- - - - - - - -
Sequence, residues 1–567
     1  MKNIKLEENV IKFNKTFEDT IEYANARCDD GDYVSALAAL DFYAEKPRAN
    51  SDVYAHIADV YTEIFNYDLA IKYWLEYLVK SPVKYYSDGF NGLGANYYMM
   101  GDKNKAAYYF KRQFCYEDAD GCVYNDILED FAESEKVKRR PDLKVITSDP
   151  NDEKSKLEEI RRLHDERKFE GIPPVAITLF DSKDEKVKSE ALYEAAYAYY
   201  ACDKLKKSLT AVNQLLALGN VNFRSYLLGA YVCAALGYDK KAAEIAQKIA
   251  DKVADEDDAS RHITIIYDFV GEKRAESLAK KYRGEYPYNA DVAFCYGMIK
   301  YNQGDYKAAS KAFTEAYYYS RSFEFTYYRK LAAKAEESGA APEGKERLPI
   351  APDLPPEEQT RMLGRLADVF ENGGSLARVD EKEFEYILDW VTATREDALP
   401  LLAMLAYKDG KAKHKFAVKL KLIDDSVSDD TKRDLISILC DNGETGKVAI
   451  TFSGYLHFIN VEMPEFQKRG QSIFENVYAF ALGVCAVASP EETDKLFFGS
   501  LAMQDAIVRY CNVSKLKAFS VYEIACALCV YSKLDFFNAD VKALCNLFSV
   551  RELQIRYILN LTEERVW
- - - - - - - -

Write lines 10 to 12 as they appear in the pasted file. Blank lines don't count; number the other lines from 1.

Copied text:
   401  LLAMLAYKDG KAKHKFAVKL KLIDDSVSDD TKRDLISILC DNGETGKVAI
   451  TFSGYLHFIN VEMPEFQKRG QSIFENVYAF ALGVCAVASP EETDKLFFGS
   501  LAMQDAIVRY CNVSKLKAFS VYEIACALCV YSKLDFFNAD VKALCNLFSV